The original master plan for the site is now 35 years old and is outdated.  The new Plan will help NIH and NIEHS determine how the campus should evolve over the next 20 years to meet current and future research needs while ensuring community and outside agency involvement in the planning process.  In addition, the Department of Health and Human Services (DHHS) now requires its Operating Divisions (e.g. NIH) to prepare and maintain master plans for campuses under their control.  This Master Plan will satisfy the DHHS requirement.

 

How can the public participate in this process?

A community kick-off meeting was held on March 30, 2007 to provide information regarding the purpose, process, and vision for the Master Plan.

 

RTP Community Kick-Off Meeting Presentation.ppt

In accordance with the National Environmental Policy Act and the Council on Environmental Quality regulations, a public Scoping Meeting is planned for fall 2007.  This meeting is intended as a means for the community and public agencies to provide NIH with comments regarding proposed master plan alternatives and to raise issues the public believes NIH should address in the master plan and environmental document. 

 

What role does the National Environmental Policy Act play in the master planning process?

DHHS requires that its Operating Divisions comply with the National Environmental Policy Act (NEPA) and DHHS environmental regulations in completing master plans.  The Scoping process will help in determining whether an Environmental Assessment (EA) or an Environmental Impact Statement (EIS) will be required.  NIH currently plans to prepare an EA to fulfill the master plan environmental review and documentation requirements.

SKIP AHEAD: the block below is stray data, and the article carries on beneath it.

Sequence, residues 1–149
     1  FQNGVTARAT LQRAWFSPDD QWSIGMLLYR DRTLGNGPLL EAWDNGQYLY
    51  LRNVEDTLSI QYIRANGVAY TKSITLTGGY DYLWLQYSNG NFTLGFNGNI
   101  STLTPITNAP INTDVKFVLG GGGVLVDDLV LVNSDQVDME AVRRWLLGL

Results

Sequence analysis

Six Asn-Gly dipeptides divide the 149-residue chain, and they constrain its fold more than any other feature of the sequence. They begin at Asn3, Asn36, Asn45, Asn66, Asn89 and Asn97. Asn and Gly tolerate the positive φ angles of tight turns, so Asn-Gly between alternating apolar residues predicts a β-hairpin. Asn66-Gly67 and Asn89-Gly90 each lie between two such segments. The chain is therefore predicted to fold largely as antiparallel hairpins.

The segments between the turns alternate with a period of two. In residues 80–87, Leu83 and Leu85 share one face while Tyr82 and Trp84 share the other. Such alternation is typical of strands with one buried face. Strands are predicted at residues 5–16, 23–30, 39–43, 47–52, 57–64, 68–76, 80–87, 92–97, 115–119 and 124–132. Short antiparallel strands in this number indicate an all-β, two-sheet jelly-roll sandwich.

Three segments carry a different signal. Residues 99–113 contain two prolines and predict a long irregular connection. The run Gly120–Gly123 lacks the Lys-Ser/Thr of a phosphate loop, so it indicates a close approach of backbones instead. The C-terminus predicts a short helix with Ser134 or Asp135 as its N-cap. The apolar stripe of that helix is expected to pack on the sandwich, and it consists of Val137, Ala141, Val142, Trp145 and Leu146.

Who is involved in the master planning process?

A NIH-RTP Campus Master Plan Steering Committee has been formed to help guide and oversee the development of the Plan.  This group, comprised of senior NIH and NIEHS officials, will serve as a sounding board for planning ideas and Master Plan items to be developed by the Project Team.  They include:

NIEHS, Director
NIEHS, Associate Director for Management
NIEHS, Facilities Liaison
ORF, Director
ORF, Director, Division of Facilities Planning
ORF, Director, Southern Region
ORF, Director, Division of Environmental Protection
ORS, Director, Division of Physical Security Management
ORS, Director, Division of Employee Services
ORS, Science Resource Manager

The Project Team consists of:

ORF, Division of Facilities Planning, Project Officer
ORF, Division of Facilities Planning, NIH Master Planner